6: Although not in the original design, Tim added a few props to help flesh out the story. A set of pewter plates, bowls, spoons and mugs gave the set a more lived-in look. Note how he constructed the water bucket with a separate clear resin water plug to add a little more realism. The mice just seemed like a natural addition. What’s a dungeon cell without a few mice? And we all know how fond mice are of drop or two a ale.

7/8: This is completed statue, fully assembled for a final approval. Next stop, the magic hands and talent of the Princess of Paint, The Queen of Color, the one, the only Kat Sapene!

Tuesday, June 8, 2010


Superglue! The Pop Sculptor's best friend! Well, maybe not a sculptor's best friend, but way up there. But it can be difficult now and then, like some best friends can be. Especially if you use a thin viscosity mercury adhesive. The thin stuff sets up quicker and can get into places the medium of thick stuff just can't. But the thin stuff has a mind of its own. You want it to go here and it wants to go anywhere but here or there. Before you know it, you've not only over glued your part but you've managed to glue yourself to the part as well. What the solution? Micro Teflon Tubing! Its available at most hobby stores and comes is a variety of gauges. And its cheap! You snip off a short piece, insert the tube into the pour spout of the glue bottle and you have the accuracy of William Tell. No more Mr. Sticky Fingers!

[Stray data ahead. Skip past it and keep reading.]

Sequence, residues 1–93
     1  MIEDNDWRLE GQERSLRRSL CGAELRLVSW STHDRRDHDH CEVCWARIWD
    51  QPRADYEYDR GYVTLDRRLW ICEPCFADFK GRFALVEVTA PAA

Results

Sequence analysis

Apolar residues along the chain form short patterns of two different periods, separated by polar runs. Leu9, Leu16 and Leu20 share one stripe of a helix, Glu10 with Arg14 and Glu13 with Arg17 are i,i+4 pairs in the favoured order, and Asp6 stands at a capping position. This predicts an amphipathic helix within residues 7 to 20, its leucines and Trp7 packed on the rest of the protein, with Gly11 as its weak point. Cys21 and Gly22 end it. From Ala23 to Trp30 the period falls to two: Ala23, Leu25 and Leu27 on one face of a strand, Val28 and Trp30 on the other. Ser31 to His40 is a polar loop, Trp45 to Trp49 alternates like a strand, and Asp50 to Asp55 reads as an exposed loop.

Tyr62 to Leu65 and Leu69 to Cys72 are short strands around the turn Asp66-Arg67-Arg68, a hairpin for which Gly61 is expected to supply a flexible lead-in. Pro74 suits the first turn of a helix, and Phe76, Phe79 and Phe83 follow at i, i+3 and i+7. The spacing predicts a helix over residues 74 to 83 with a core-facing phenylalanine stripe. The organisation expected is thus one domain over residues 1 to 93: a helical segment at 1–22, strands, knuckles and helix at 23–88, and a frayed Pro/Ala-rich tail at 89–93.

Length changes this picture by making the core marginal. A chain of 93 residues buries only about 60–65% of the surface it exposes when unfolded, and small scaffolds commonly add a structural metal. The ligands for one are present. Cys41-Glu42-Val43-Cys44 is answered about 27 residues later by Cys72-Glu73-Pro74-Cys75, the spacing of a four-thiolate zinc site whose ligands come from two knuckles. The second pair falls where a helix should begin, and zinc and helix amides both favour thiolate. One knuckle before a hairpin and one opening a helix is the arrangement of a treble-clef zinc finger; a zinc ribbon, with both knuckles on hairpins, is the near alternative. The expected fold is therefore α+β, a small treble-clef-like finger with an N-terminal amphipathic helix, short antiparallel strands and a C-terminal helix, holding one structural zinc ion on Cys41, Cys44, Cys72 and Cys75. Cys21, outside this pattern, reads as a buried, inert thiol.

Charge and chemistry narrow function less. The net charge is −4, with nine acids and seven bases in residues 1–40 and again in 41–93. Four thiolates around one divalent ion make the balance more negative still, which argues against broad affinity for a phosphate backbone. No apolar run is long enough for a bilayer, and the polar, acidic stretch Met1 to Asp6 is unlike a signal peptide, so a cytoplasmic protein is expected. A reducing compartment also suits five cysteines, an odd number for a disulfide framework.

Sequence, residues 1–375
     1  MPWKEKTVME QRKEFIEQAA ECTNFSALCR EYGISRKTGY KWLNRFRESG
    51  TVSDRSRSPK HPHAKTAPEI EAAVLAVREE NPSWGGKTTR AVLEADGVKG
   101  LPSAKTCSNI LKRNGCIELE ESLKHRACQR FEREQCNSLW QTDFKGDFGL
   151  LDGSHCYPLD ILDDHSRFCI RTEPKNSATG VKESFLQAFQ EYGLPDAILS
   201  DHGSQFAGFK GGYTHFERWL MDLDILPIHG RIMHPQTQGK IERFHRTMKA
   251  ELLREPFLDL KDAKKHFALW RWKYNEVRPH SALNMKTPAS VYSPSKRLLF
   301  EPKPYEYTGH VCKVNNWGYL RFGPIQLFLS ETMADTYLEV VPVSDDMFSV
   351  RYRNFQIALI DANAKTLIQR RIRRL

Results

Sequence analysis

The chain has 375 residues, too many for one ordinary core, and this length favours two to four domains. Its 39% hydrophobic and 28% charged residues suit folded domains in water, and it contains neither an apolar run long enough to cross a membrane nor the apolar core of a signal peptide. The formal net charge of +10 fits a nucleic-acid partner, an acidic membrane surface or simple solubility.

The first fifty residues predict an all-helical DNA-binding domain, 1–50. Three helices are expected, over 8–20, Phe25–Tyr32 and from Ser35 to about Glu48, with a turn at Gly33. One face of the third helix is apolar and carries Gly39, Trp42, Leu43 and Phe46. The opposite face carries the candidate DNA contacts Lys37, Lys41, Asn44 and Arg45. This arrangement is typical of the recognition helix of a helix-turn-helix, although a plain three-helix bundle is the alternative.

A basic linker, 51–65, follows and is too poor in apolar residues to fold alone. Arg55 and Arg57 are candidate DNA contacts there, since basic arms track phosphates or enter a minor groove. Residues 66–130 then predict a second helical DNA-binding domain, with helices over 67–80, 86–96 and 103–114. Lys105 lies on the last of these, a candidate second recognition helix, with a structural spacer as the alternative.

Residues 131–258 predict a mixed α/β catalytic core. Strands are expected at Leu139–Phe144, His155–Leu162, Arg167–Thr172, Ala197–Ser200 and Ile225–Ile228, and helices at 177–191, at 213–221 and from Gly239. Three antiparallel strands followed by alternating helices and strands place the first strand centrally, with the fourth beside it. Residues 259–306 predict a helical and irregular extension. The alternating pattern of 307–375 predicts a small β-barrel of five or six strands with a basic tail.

Friday, June 4, 2010

THE JAILHOUSE; Behind the scenes, Behind the bars - PART 1 of 3

"As the flames spread throughout the city, pirates locked in the town jail are desperate to escape before their underground dungeon turns into an inferno. The local constabulary is nowhere to be seen. Only a mangy mutt is around to witness their plight, and he holds the keys to their cells in his mouth. The pirates try to lure the dog within their reach so they can grab the keys and attempt an escape. 'Here, give us the keys, ya scrawny little beast!'" – Ruben Procopio